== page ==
Toyota Motor Corp. raised its forecast for 2012 industrywide U.S. sales of cars and light trucks to the low- to mid-14 million unit range from 13.6 million, citing rising consumer confidence.
“We’re starting to see improvement in consumer confidence and, combined with rising fuel prices and aging vehicles, the market is starting to move,” Bob Carter, Toyota’s group vice president for U.S. sales, told reporters yesterday at the New York auto show. “It’s happening quicker than anyone thought.”
U.S. light-vehicle sales rose 13 percent in the year’s first quarter to 3.47 million. Toyota, Asia’s largest automaker, followed Ford Motor Co. in boosting its 2012 forecast. Ford on April 4 projected that U.S. vehicle sales, including medium- and heavy-duty trucks, would total 14.5 million to 15 million, up from a previous estimate of 13.5 million to 14.5 million.
Rising gasoline prices are bringing buyers into showrooms looking to replace their older cars with more fuel-efficient models, Carter said.
“Today, the No. 1 attribute is mpg,” Carter said. “We’re very bullish in the industry.”
Toyota is seeking to increase U.S. sales 15 percent this year, which would bring it to about 1.89 million vehicles, or about 600,000 fewer than General Motors Co. sold last year in its home market. Natural disasters in Japan and Thailand reduced supplies of parts and assembled vehicles last year, contributing to a 6.7 percent U.S. sales slide for the Toyota City, Japan-based automaker. The company’s deliveries rose 12 percent in 2012’s first quarter to 487,284.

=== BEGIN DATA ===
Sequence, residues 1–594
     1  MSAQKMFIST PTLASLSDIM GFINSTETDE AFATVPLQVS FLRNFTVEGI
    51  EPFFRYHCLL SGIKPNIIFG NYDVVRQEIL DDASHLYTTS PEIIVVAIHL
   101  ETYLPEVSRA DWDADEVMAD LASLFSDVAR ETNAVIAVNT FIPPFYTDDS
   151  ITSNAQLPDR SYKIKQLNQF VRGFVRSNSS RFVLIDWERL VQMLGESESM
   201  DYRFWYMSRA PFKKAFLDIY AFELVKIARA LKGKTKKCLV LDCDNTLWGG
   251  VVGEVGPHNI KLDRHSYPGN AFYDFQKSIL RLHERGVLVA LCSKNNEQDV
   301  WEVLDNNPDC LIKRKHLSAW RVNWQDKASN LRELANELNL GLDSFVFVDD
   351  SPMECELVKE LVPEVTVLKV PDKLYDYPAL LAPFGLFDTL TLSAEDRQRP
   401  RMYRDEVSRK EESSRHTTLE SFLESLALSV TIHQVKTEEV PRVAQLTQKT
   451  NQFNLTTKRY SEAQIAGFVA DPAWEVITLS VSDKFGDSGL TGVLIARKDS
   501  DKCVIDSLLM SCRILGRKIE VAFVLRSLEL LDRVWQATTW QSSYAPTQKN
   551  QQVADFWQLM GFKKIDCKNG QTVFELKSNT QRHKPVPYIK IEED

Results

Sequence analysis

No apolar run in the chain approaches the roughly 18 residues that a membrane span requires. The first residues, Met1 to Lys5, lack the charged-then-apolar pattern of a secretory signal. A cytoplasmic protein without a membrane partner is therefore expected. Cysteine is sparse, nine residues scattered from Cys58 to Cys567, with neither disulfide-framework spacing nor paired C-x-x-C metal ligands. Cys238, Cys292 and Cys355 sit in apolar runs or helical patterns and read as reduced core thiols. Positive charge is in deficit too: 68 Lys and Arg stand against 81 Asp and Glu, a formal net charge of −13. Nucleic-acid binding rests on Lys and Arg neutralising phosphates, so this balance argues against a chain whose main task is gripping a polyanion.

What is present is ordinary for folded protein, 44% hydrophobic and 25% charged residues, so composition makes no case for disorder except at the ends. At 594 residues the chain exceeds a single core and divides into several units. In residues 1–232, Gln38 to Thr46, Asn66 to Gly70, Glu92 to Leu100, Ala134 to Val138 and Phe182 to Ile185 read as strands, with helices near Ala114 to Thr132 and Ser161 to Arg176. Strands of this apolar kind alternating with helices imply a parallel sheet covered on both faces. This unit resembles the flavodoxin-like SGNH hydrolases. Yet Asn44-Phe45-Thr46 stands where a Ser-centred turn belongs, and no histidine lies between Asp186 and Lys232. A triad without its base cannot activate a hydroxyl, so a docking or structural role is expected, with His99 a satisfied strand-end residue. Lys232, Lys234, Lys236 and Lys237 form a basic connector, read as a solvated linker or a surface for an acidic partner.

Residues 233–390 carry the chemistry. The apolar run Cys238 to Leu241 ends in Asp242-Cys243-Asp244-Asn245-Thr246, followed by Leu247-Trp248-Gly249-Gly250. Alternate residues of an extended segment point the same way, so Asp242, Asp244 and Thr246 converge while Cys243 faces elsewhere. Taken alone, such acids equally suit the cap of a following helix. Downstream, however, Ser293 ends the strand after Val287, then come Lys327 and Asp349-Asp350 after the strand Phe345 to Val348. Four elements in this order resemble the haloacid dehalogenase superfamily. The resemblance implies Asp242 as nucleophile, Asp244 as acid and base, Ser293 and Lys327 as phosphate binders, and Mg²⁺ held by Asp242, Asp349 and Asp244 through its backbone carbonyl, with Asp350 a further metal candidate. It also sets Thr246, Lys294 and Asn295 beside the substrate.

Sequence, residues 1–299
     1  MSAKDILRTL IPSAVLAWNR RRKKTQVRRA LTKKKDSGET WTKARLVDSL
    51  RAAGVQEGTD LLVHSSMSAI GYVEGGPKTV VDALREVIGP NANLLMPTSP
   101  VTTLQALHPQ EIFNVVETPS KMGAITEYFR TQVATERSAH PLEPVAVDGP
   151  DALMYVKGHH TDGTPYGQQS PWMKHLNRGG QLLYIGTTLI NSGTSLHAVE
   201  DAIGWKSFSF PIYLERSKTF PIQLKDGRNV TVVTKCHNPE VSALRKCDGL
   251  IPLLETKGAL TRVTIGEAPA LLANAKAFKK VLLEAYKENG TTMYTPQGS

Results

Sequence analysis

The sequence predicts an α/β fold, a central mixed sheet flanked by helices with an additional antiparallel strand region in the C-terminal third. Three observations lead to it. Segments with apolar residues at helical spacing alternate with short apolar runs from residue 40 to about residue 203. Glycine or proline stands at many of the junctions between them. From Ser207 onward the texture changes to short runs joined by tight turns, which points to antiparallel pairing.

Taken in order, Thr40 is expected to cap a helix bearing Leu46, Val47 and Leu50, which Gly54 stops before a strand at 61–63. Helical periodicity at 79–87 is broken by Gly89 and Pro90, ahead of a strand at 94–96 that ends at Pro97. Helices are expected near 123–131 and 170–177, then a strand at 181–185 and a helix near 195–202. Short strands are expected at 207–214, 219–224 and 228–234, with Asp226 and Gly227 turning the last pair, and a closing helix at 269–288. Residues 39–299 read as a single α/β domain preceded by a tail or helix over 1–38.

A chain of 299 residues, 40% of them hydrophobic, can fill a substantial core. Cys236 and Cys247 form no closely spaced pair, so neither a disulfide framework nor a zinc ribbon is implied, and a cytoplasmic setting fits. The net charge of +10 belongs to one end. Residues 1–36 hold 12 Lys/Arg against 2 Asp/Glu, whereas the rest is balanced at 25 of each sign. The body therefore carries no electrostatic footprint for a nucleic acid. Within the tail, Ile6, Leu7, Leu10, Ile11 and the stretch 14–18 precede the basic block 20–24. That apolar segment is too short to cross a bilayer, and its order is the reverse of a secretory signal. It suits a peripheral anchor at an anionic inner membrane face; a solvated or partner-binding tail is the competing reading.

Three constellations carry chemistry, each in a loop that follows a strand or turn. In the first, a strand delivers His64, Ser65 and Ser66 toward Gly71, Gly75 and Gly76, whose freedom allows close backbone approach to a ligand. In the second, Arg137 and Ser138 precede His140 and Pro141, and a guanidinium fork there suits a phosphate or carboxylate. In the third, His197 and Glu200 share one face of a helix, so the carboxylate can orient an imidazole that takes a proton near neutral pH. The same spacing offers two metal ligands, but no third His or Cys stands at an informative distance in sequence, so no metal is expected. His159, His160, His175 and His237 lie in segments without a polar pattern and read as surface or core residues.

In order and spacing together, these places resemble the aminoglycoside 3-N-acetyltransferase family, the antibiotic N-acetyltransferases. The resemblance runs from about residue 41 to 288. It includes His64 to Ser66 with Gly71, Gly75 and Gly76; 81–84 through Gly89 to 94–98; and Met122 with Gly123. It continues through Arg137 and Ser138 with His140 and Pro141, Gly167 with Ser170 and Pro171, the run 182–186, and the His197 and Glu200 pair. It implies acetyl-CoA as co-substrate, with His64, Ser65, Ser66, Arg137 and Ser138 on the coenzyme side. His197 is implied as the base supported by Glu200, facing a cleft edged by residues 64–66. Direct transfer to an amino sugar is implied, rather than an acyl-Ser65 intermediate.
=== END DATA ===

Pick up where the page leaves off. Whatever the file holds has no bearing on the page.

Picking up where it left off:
Toyota is No. 3 in U.S. vehicle sales behind Detroit-based General Motors Co. and Dearborn, Michigan-based Ford.
GM captured 17.5 percent of the market in the first quarter after its light-vehicle sales rose 2.7 percent to 608,320, according to researcher Autodata Corp. GM’s share of the market slid from 19.4 percent a year earlier because its gains didn’t match the industrywide increase.
Ford’s light-vehicle sales increased 8.5 percent to 537,822 while its share of the market, like GM’s, slid. Ford held 15.5 percent of the market in the quarter, down from 16.2 percent.
Toyota’s U.S. share also declined, to 14.1 percent from 14.2 percent a year earlier. The company trailed Ford’s deliveries by about 50,500 and GM’s by about 120,000.
Today in New York, Toyota also showed its restyled Avalon that goes on sale late this year. The new version of the full-size sedan, designed in California, engineered in Michigan and built in Kentucky, is “the beginning of a new era for vehicle development in the U.S. for the American market,” Carter said.
The company didn’t announce prices or a sales goal for the car.
The company’s U.S. sales unit is based in Torrance, California. Toyota’s American depositary receipts rose 0.3 percent to $83.86 at the close in New York. They have gained 27 percent so far this year.